Central Square dirt inspires renewed calls for businesses to take more responsibility
The gist of Monday’s talk about Central Square’s persistent grubbiness: It’s better than it used to be, but that doesn’t mean much. And the city is looking to the square’s businesses to make the difference.
The official response to an order filed last month by city councillor Minka vanBeuzekom was a long list of things already being done by the city in Central – 32 bullet-point activities in eight categories gathered by Acting Public Works Commissioner Owen O’Riordan that included cleaning by mechanical street and sidewalk sweepers or hand crews seven days a week, twice-daily emptying of the Big Belly solar-powered trash compactors, steam cleaning of some alleys once a month and the creation of hotline phone numbers for graffiti, broken sidewalks and rat problems.
“I’m not sure [these things] happen the way they’re planned to happen. But assuming that they do happen, it’s not enough,” said vanBeuzekom, a resident of the square who explained that she’d walked through the square just that afternoon taking pictures of persistent graffiti, gum on sidewalks and trash can interiors in need of cleaning. “I think we need to evaluate whether we need to put more resources on or whether there needs to be a follow-up crew to check that things have really been cleaned up the way the administration wants it to be cleaned up. There’s a disconnect somehow between what the plan is and what actually happens.”
Despite comments from two other councillors coming between vanBeuzekom’s remarks and his own, City Manager Richard C. Rossi replied to her directly.
“The city puts a very high priority on Central Square and applies a great deal of resources, and I don’t know that I’d agree there’s a disconnect. I would take a bit of exception to that,” Rossi said.
In fact, he reported recently walking through the square himself and being struck by how good it looked.
Better in general
There was actually general agreement the square looked better these days – but that there were some intractable problems spoiling the effect. For instance, the problem of dropped cigarette butts was called likely to drag on until more sidewalks were switched to wire-cut bricks, which fit together smoothly and form a solid flat surface, and the traditional bricks-and-mortar style brick was left behind with its tendency to trap cigarettes and other litter in its grooves. The use of wire-cut bricks – such as in front of the Central Kitchen restaurant – makes it easy for shopkeepers to sweep, as property owners are responsible for keeping their portion of the sidewalk clear.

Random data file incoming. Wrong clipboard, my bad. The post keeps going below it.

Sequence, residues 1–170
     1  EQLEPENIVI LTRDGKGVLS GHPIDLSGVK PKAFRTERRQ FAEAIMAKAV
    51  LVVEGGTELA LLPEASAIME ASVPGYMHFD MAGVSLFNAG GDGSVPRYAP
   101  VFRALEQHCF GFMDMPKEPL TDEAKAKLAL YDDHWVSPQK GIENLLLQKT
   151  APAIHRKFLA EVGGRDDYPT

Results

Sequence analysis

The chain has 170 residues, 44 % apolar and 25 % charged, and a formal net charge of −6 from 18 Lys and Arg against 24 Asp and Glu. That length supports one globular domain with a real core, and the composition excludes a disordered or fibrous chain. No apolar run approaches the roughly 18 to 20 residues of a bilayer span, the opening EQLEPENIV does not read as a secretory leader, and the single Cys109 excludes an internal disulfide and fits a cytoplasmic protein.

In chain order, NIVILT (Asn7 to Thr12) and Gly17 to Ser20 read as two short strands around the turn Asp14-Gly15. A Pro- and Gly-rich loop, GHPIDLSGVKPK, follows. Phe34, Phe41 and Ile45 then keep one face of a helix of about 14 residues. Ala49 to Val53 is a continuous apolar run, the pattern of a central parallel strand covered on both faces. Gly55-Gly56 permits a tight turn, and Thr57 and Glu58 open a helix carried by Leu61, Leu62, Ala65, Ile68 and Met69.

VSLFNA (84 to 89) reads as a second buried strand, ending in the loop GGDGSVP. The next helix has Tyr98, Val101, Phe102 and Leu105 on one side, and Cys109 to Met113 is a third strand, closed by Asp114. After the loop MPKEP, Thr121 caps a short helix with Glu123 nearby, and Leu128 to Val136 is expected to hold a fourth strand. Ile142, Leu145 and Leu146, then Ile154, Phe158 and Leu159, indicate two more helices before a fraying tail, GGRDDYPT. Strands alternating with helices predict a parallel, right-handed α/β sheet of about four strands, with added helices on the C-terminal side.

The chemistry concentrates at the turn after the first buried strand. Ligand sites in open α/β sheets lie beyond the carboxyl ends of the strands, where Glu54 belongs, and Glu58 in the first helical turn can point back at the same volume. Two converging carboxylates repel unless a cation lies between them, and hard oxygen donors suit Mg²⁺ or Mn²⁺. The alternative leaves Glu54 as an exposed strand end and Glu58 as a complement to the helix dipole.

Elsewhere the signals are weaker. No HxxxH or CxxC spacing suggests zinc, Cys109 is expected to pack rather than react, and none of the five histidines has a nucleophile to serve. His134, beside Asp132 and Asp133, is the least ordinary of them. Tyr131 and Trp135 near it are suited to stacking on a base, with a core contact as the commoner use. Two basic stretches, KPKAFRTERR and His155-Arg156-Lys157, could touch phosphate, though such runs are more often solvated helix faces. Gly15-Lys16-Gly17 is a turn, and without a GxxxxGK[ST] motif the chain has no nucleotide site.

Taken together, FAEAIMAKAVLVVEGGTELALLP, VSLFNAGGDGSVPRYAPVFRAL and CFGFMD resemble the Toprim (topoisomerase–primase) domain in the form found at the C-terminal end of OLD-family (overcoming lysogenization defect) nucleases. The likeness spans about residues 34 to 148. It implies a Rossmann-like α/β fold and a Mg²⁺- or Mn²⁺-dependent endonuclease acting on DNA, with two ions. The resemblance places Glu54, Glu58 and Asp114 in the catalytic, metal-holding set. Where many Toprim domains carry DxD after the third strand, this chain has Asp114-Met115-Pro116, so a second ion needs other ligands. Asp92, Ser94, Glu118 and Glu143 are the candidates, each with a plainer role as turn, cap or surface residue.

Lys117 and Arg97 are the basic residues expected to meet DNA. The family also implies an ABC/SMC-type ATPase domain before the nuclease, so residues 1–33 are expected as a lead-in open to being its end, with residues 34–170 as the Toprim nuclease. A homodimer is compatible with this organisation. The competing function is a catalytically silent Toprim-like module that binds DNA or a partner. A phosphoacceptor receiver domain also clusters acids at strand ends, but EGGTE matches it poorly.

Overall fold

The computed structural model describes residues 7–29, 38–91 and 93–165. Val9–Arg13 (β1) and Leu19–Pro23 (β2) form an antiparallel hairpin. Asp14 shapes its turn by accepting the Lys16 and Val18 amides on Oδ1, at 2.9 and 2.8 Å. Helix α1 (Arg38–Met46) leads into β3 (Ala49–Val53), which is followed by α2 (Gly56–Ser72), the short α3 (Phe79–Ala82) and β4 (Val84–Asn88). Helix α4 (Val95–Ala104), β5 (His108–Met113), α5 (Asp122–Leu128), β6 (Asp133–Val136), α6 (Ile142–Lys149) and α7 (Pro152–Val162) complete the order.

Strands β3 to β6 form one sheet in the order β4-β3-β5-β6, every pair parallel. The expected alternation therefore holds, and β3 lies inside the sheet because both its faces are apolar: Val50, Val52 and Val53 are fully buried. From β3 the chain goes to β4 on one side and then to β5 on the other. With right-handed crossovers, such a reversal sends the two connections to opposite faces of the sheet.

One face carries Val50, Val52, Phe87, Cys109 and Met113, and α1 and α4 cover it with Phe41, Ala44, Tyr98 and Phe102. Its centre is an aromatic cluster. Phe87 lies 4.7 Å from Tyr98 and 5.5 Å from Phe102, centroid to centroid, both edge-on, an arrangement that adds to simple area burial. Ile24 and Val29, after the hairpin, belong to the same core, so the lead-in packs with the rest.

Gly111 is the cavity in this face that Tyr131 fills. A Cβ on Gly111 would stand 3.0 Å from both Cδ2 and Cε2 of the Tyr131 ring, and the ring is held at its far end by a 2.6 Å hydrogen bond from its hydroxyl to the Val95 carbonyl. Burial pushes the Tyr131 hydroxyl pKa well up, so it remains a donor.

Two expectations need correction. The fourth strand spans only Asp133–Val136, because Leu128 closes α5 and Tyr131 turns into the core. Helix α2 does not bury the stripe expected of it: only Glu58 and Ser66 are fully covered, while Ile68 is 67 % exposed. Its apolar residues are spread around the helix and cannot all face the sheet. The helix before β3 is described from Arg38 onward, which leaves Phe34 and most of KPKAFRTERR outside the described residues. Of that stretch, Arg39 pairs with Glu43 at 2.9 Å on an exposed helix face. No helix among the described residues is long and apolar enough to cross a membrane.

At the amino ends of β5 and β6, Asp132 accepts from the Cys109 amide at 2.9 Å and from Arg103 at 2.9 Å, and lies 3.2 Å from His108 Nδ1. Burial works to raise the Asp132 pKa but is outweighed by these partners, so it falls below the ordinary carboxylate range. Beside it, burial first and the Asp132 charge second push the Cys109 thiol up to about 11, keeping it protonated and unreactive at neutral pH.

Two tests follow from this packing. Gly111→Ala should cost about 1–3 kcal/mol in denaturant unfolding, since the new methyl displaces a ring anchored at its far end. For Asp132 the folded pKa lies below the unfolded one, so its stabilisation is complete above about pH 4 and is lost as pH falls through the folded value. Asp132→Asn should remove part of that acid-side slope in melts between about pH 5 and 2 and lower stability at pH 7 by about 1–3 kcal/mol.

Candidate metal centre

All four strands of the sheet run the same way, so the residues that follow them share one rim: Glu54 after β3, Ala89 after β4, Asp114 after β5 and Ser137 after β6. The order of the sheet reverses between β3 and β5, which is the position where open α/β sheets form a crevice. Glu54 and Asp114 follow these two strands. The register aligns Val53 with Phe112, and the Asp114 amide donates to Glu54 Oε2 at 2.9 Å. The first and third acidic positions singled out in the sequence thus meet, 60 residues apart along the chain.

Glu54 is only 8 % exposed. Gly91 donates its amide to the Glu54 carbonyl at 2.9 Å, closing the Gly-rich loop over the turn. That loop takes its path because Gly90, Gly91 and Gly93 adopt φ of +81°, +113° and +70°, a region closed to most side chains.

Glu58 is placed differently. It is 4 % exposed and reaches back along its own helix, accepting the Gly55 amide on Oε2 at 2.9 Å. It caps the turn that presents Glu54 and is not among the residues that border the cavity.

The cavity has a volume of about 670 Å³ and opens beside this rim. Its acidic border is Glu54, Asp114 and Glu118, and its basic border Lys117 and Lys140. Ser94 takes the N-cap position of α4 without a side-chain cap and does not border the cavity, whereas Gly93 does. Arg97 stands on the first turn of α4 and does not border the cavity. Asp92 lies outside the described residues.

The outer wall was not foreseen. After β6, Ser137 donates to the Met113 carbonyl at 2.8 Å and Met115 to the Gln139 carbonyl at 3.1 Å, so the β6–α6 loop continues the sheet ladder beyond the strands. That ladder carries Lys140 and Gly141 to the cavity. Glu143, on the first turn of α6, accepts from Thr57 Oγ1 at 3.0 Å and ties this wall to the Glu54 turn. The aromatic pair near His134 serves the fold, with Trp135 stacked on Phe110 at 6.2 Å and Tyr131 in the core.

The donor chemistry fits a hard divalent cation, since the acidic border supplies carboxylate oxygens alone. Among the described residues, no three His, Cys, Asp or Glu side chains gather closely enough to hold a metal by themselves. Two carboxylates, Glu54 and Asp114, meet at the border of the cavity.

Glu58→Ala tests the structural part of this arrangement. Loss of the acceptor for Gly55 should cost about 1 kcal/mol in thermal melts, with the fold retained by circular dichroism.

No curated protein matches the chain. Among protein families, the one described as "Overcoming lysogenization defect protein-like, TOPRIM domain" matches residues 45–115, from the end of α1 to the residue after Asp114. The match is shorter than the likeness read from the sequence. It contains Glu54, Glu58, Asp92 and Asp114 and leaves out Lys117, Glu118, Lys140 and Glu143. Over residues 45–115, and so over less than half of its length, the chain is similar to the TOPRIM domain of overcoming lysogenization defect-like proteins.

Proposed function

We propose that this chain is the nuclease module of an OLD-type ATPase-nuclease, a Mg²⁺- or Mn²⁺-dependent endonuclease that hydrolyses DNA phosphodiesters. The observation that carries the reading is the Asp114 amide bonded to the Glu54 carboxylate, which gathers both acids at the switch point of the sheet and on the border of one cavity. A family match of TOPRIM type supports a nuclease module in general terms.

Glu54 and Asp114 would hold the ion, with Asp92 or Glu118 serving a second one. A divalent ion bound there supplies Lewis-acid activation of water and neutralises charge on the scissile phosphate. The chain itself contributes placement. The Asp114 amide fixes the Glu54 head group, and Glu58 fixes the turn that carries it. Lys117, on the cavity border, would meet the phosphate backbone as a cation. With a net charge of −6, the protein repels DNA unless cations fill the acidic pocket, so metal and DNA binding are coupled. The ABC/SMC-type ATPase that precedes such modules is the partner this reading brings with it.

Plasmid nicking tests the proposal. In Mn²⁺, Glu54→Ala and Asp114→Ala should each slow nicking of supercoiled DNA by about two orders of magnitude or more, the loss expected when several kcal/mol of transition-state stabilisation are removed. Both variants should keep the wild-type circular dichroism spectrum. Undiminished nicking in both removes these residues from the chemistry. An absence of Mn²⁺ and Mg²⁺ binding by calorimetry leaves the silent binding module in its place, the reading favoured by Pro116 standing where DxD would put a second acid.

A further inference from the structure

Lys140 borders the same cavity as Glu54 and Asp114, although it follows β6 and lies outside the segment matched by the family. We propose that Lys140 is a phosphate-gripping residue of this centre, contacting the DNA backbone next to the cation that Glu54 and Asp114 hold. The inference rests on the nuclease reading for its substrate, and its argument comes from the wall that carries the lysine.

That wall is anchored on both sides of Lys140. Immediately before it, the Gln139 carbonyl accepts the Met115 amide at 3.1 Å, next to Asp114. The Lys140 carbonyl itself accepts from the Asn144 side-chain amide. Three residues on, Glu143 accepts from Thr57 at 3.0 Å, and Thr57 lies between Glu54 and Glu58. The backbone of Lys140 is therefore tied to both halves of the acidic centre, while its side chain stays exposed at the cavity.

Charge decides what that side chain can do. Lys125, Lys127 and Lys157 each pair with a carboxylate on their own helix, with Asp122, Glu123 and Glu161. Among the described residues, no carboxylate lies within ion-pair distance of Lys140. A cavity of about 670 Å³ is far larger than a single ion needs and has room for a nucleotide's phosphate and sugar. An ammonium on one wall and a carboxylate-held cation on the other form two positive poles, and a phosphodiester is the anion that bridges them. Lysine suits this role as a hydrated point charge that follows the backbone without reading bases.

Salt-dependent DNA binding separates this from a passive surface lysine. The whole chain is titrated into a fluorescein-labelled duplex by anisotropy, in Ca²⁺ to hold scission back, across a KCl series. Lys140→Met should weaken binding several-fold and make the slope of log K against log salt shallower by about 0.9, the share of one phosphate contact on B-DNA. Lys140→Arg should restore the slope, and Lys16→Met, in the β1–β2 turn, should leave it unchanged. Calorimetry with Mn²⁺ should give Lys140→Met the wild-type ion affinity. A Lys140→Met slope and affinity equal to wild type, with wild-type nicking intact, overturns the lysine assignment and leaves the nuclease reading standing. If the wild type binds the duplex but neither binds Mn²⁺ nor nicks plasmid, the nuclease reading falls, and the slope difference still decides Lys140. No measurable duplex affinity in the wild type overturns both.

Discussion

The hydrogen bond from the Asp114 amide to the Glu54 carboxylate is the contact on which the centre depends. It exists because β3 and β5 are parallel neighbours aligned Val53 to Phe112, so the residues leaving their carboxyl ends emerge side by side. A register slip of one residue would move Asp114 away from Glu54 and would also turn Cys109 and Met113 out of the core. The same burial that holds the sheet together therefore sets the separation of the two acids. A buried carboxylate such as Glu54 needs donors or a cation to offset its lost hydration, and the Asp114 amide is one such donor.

Gum was another literally sticky issue, with Mayor Henrietta Davis noting that smashed, blackened gum made an otherwise clean area look dirty.
Councillor Ken Reeves agreed. “It’s better today, but Central Square will never be clean until we address the gum issue,” he said.
The councillors gave an informal order to Rossi: A machine that removed gum from sidewalks was “one for the list” of purchases to make.
Gum-removal machine aside, there is a limit to how much the city can do, Rossi said.
“As I think about resources, I can’t just think about Central Square,” he said, listing other parts of the city needing equal attention. “The effort and attention paid to it is pretty incredible … it’s always going to be a challenge, but it’s only get better if more and more people take an interest. That’s something we’re going to be working on.”
“We absolutely have to get more engagement and commitment from the business community,” he said.
Looking to businesses
One solution is the formation of a business improvement district, in which property owners get together to pay for services – such as cleaning – beyond what city government provides. Reeves said he hoped “the magic of the Rossi administration” would convince Central Square businesses to form one, as the developer Forest City had formed one among the businesses of its University Park just south of Central Square.
Nighttime businesses were already being urged this month by the License Commission toward forming a joint fund to hire more police to keep order among the crowds and lines waiting outside the area’s late-night clubs and bars.
An informal business group may be in the works. Until it closed last spring to make way for a grocery store and food court, the Clear Conscience Cafe was the regular meeting place for an ad hoc Central Square improvement committee brought together by cafe owner Daniel Goldstein. Those meetings, which gather business owners and city and police officials for two hours every other week, have just been restarted at Toscanini’s ice cream by landlord Patrick Barrett, according to Deputy City Manager Lisa C. Peterson.
Councillor Leland Cheung suspected there was still a role for elected officials to play, and he lobbied successfully for his fellow councillors to send the issue of Central Square improvements to his Neighborhood & Long Term Planning Committee – because vanBeuzekom’s initial assessment of the situation had some validity.
“There does seem to be a disconnect between the expectations people have versus what they see in reality around them,” Cheung said.